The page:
Sunday, January 1, 2023

#2,888. Walking Tall (1973) - Leif Garrett Triple Feature


Between 1964 and 1970, Buford Hayse Pusser served as the sheriff of McNairy County, Tennessee. He made it his personal mission to clean up the area, eliminating all moonshine, gambling and prostitution that fell within his jurisdiction.

This made him some powerful enemies, and there were several attempts on Pusser’s life over the years. According to reports, he was stabbed eight times and shot as many as nine, yet always returned, as determined as ever to rid his community of crime.

Released in 1973, Walking Tall is an oft-bloody look at Pusser’s career in law enforcement, from the events that led him to run for sheriff to those that cost him everything he held dear.

At the urging of his wife Pauline (Elizabeth Hartman), Buford Pusser (Joe Don Baker) retires from professional wrestling and moves back home to Tennessee, where he and his father (Noah Beery Jr) intend to start up a logging business.

Warned by his mother (Lurene Tuttle) that things have changed in McNairy County, Buford gets a glimpse at just how bad it has gotten when he accompanies an old pal to a gambling house. After catching the house cheating, Buford tries to get his friend’s money back, only to be beaten and left for dead by the side of the road.

Committed to driving the criminals out of McNairy, and to making it a better place for his son Mike (Leif Garrett) and daughter Dwana (Dawn Lyn), Buford runs for sheriff. The current Sheriff (Red West), who has been bought by the gambling houses and turns a blind eye, is none too pleased, and harasses Buford every chance he gets. Following a tragedy, Buford is elected, and sets to work carrying through on his campaign promises.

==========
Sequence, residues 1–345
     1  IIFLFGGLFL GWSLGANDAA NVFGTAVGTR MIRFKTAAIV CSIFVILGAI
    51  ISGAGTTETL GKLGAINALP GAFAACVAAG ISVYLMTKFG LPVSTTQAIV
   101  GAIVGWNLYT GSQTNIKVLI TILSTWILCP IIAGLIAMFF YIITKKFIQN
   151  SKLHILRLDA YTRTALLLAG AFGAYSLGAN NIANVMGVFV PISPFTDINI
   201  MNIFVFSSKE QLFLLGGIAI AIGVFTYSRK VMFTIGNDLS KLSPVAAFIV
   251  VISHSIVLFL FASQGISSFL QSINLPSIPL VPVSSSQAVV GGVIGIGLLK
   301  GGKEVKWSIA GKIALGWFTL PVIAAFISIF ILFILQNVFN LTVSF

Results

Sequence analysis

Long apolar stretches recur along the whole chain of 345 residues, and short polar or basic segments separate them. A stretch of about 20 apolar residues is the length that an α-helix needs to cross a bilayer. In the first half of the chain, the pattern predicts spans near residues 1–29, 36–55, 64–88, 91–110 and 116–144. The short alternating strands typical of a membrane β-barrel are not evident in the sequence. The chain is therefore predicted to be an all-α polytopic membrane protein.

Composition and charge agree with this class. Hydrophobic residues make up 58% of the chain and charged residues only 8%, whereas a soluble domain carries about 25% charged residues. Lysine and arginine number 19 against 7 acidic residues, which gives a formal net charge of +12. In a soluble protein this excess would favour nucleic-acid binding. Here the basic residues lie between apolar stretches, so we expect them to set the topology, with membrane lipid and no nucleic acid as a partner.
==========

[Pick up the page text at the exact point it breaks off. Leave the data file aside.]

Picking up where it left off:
The gamblers and moonshiners do their best to eliminate Buford, who has taken to carrying a 4-foot-long club instead of a gun. Ambushed, beaten, and shot several times, Buford always recovers, and carries on with his life’s work.

That is, until one tragic Easter morning, when he suffers a loss greater than any he ever imagined.

Directed by Phil Karlson, Walking Tall is unrelenting in its depiction of violence, both against Buford and by him. When he recovers from his first beating, Buford returns to the gambling house and knocks everyone around with a baseball bat.

The brutality is often difficult to sit through, yet Baker’s solid, unwavering performance holds our attention throughout, even when it looks as if he’s down for the count (and this happens several times throughout the picture). Also strong are those sequences where we eavesdrop on meetings between the gamblers, pimps, and moonshiners as they come up with a series of plans to eliminate Buford, a few of which damn near succeed.

But it’s those moments where Buford and his deputies are taking the fight to the criminals, frustrating the hell out of them time and again, that are most satisfying. In the film’s most shocking scene, Buford rescues a prostitute who is being tortured because the criminals believe she has been tipping off the cops.

Perhaps the most intriguing aspect of Walking Tall is that, while building Buford Pusser’s reputation as a vigilante, it also delves into his weaknesses and imperfections. After becoming sheriff, Buford and his newest deputy Obra (Felton Perry) raid a moonshine camp and arrest everyone, only to have the case thrown out of court because he didn’t first obtain a search warrant. Buford also lets his temper get the better of him, and sometimes loses his cool. This is especially noticeable in a scene where he confronts a deputy of his who had been tipping off the gamblers.

Yet, for me, the stupidest thing Buford Pusser does in this movie is allow someone to ride along with him to check on an anonymous tip. What happened as a result was as much his fault as anyone's. I was literally screaming at my TV during this sequence, asking what was he thinking?

That said, Walking Tall, with its grindhouse approach to telling its story, is an effective, harrowing look at a lawman who never backed down. It is an unforgettable motion picture.
Rating: 8 out of 10

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